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  6.  | DNR to Open Bids Online for State Land Auction 492

DNR to Open Bids Online for State Land Auction 492

Oct 13, 2021 | Government, News

© David Mark | Dreamstime.com

Many Alaskans will find out if their dreams of buying a piece of state land for their own will come true, as the Department of Natural Resources opened bids for State Land Auction #492 on Wednesday, October 13.

The Division of Mining, Land and Water (DMLW) offered 209 parcels of land in 24 subdivisions across the state during this year’s auction, and received 210 bids on 90 of them during the bidding window from March 31 – September. 28.

Bid results will be posted on the division’s Land Sales webpage in real-time, at http://landsales.alaska.gov. COVID concerns will limit in-person attendance to eight people; call (907) 269-8594 to make a reservation.

The bid opening will be carried via Facebook Live on the “Alaska State-Owned Land For Sale” Facebook page, at: http://www.facebook.com/alaskaland. Parcels not sold at auction may be offered on a first-come, first-served basis through the Over-the-Counter program via the Land Sales website, starting Oct. 26 at 10 a.m.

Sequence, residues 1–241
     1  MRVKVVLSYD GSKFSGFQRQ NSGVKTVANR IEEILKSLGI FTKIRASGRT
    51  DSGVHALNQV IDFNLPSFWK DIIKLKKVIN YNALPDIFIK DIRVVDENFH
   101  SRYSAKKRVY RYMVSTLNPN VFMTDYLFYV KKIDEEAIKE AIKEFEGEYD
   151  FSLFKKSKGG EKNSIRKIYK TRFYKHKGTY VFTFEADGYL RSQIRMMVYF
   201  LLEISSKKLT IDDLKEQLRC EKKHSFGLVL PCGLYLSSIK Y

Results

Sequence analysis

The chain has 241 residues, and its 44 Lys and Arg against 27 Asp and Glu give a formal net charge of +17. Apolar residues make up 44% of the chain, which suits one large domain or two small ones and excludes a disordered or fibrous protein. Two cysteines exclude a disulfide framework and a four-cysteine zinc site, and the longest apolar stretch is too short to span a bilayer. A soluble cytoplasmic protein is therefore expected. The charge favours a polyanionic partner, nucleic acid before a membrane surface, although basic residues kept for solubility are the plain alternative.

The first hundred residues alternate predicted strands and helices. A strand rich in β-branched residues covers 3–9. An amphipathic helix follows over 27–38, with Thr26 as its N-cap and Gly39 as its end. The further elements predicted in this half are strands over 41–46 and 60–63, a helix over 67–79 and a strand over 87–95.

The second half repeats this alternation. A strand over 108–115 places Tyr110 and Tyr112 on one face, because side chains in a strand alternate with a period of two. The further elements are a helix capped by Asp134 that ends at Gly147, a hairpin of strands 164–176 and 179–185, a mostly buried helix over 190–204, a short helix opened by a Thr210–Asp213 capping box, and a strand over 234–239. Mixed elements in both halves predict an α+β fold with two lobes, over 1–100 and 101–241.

Current Issue

Alaska Business October 2021 Cover

October 2021

“The regular schedule of land sales auctions is just one more way my administration is keeping my promise to use our natural resources to benefit Alaskans, and to put Alaska lands into Alaskans’ hands,” says Governor Mike Dunleavy. State land is also available through the Remote Recreational Cabin Sites staking and farmland sales programs.

For details on financing and associated costs and land sales news and updates, follow Alaska State Land Sales at:

Alaska Business Magazine October 2021 cover

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Recall Rubin’s vase, an exercise in optical illusion: when presented with a specific image, some see a vase while others see two faces. Something viewed from one perspective can look radically different from another. And when a shift in perspective leads to a shift in perception, it often yields surprising results.After all, a grizzly and a sockeye may share the same stream—but hardly the same view.

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